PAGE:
Wednesday, June 3, 2009


In the exurbs of America there are hundreds of housing developments built around professional fairways. Many residents own their own golf carts, park them in their two to four-car garages, and drive them from their homes directly to the clubhouse. Golf course living has grown so much in popularity that, as a development type, it is now found in almost every big city in this country. One will find a conglomerate of suburban ranch houses surrounding a well designed 18-hole course in the mountains of Oregon, in the Great Lakes, in rural Massachusetts, in New Orleans, in suburban Atlanta, or in the center of some of the most infamous retirement communities in the State of Florida.

According to the Environmental Institute for Golf, at an individual level, an average 18-hole golf course covers 150 acres –with approximately 100 occupied by turfgrass; on an aggregate basis, golf courses cover an estimated 2,244,512 acres of land of which 67% is defined as greens, tees, fairways, rough, driving ranges, practice areas, nurseries and clubhouse grounds (also covered by turfgrass), and 33% accounts for water bodies, buildings, bunkers and parking lots.

This vast amount of turfgrass is not considered natural open space and does not come for free; its maintenance requires substantial water irrigation, pesticides, the use of powerful nutrients and chemicals, and several compromising environmental practices; because it is turning into one of the most serious environmental problems in suburban America, we must pay careful attention before it becomes yet another case for the abandonment of “petro-suburbia”.

The project here presented is a proposal for a substantial retrofit of a golf course community in the State of Florida. It includes the redevelopment of the golf surface occupied by the first 9 holes -as a complete community where one could find everything needed for daily-living at walking distance, and the reconstruction of the remaining 75 acres as a Community Sponsored Agriculture project including programmatic elements common to what Andres Duany has been calling “Agricultural New Urbanism” –an organic market, a school of culinary arts and a community kitchen. One of the virtues of this type of retrofit is the manipulation of an underutilized suburban area with serious environmental problems as a dual urban/rural concept in the midst of a retirement community.

The small development includes 8 live/work units, 108 apartments, 55 liner buildings, 236 townhomes, and 94 detached houses. Additionally, its picturesque vernacular arrangement and building placement affords termination of vistas in important civic structures including: a farmer’s market, a sub-police station, a meeting hall, and other buildings of greater beauty and urban presence. The paving, channeling, storage and filtration are designed to comply with Light Imprint (LI) standards as presented by Tom Low in his “Light Imprint Handbook”. While each family contributes to the general welfare and sustainability of the community (with self-sufficient urbanism devices like solar panels, water harvesters, vegetable gardens, compost bins, and more), there are also additional communal services which benefit those whose environmental commitment is limited and less aggressive i.e.: community sponsored agriculture co-ops, solar farms, water recycling projects, etc.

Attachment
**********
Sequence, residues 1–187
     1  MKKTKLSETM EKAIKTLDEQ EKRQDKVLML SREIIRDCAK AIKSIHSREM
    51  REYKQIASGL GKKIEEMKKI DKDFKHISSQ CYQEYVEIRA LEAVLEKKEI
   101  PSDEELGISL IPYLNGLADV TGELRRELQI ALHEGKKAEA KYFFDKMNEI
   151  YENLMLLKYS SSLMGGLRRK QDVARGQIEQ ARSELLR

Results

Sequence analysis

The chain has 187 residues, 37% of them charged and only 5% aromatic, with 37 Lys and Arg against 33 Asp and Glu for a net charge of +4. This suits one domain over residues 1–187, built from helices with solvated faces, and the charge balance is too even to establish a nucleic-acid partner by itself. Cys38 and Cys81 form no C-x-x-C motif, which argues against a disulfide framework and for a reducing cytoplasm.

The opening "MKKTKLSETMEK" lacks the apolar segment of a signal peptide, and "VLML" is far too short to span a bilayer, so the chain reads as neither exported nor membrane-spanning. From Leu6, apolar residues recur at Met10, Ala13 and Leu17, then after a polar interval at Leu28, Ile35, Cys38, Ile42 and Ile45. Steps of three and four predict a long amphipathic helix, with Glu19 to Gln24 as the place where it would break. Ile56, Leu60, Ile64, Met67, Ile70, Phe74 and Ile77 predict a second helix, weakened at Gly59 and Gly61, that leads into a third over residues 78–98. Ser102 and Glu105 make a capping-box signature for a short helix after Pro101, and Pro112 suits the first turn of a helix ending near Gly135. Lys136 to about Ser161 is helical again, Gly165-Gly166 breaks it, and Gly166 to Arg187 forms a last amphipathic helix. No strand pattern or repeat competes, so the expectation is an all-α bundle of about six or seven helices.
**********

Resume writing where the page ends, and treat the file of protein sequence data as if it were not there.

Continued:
This type of project proves, once again, that the reconstitution of American suburbia must and should become one of the most important sustainable projects of our post-peak-oil future. Let’s open ourselves to the possibilities of developing and transforming the existing urban/suburban/rural infrastructure of America as the most important healing project of our generation.

It is not a matter of will.

It is a matter of time!

Friday, May 15, 2009

SAVANNAH: a paradigm of self-sufficiency

James Oglethorpe’s (1696-1785) interest in prison reform and social justice manifested a most amazing paradigm of sustainable urbanism for the future of this country. The City of Savannah rises among all of the Georgian colonies as a design archetype for self-sufficiency, beauty and sustainability and, it stands as a permanent landmark in the history of urban design.